Hi.

Welcome to my site. I am on a path to financial independence and want to guide the way for you as well. Follow along as I, a 27 yr old, take a regular salary and simple investing strategy to an early retirement.

November Budget Breakdown (That sweet $200k Milestone!!!)

November Budget Breakdown (That sweet $200k Milestone!!!)

Monthly Review: November 2017

First things first Sherpa fam, I finally hit the big 2-0-0. That's $200,000 in net-worth! A few people have asked me how much faster the second $100k was and unfortunately I don't have a $0 net-worth starting point. I can say that the speed seemed to pick up about 50% which is mostly due to pay raises and a little to do with compounding interest. With my fit of joy behind us, let's dive in and see how the rest of the finances for the month unfolded including a dance with disaster involving Blue Apron. 

Income: $7,730

My standard take home pay from the Air Force. Still not making a penny off the blog but luckily I like y'all, so I'll keep writing for charity. 

Expenses: $2,237.75

The total this month was $2,237.75,. Considering the circumstances, I was pretty happy with that. I knocked out most of my Christmas shopping this month. I also bought the Air BnB stay for my mission trip to Mexico. I got the plane tickets too but I was able to use my credit card points to score those. After slipping slightly under 70% savings rate last month, I'm came in at 71%  and at 69.85% for the year.  

Going Out: $194.67

This category involves any food I didn’t cook myself or any alcohol purchase. Really only one big trip this month down to Austin, TX, but it was mostly spent away from the city. Around  $52 was food and the remaining $142 was for drinks. Most of the eating out cost was an epic food tour that me and  couple guys did across Boston. We hit up Indian, Southern, Italian, and Chinese in the same day. The cost was pretty minimal because we split things along the way but it's an experience I highly suggest. Drink expenses were a little high again but with friendsgiving parties and local Austin Breweries... that'll happen.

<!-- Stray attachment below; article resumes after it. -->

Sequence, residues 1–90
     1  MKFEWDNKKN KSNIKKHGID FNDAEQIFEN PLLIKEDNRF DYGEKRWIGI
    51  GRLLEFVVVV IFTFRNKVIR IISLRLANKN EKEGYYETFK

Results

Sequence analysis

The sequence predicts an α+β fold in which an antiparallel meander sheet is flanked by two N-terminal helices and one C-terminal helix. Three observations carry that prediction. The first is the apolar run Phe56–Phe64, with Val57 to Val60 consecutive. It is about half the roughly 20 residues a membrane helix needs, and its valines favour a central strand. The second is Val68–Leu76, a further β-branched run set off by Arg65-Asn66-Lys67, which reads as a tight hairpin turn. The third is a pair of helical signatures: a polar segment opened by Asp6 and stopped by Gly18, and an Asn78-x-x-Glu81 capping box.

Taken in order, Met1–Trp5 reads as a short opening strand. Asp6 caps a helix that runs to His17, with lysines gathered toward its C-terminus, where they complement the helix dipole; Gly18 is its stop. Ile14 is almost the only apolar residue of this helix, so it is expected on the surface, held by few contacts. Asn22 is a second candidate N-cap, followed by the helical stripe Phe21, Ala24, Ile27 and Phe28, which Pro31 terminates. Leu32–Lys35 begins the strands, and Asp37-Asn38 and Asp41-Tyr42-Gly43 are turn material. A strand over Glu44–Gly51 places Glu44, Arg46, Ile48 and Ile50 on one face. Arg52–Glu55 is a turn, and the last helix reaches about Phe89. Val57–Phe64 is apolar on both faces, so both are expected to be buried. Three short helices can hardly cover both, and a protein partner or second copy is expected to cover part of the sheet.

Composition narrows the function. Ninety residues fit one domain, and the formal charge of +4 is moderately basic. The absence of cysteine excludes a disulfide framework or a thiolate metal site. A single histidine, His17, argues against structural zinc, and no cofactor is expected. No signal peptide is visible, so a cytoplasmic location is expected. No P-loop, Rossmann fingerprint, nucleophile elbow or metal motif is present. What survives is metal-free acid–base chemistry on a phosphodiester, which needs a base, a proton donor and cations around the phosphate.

Groceries: $65.78

If you continue to check in monthly, this is going to be a trend I can promise you. If I have a super power, it's probably cooking almost all of my meals for a month under $70. The star of the show this month was a giant thing of pasta that I made that had some on-sale noodles, marked down organic turkey cutlets ($1.49/lb), white & red sauce, artichoke hearts (thank you old roommate!), kale, and tomatoes. It was literally enough for lunch and dinner for an entire week. I have my standard 2-3 scrambled egg & sausage sandwich every morning. For friendsgiving and a work potluck I made deviled eggs. I already had the mayo and mustard so $1.50 for 2 dozen eggs plus a $1.50 jar of sweet relish was all I needed. My biggest suggestion with shopping is go into the store with an open mind and not a specific list. Yes you'll need a protein and some vegetables, but let the sales dictate which ones you choose. 

Bills: $1003.21

Bills, can’t live with them, can’t live without them. This category includes rent ($775), Cell Phone ($85), Car Insurance ($83.21), and utilities ($45). My rent is super low living in the Boston area. I do have roommates but I honestly don’t feel like there’s anything else I need in a home except for maybe a covered parking spot. Gas and electricity came in at $77 but that gets divided by three. Water and trash are included so the only other thing I pay is internet ($20). Some of my frugal friends may hate to see me pay so much for a cell phone but that includes the device payment (I’m a sucker for technology) and unlimited data (soooo nice for us road warriors).

Travel: $530.59

I have zero problem that I spend over 20% of my budget on travel. If it's something I really want to do that seems memorable I'm going to do it. This category will include any events, trips, or travel expenses. This month I bought tickets to our work Christmas party ($55 boat cruise!), some random transportation costs, 2 tickets to the Josh Abbott Band concert, and my 8-day Air BnB stay for the mission trip in March. But wait there's more! I also purchased a 4-day pass to Universal Studios in Orlando ($180). I can't overstate how excited I am to ride that dang Hogwarts Express.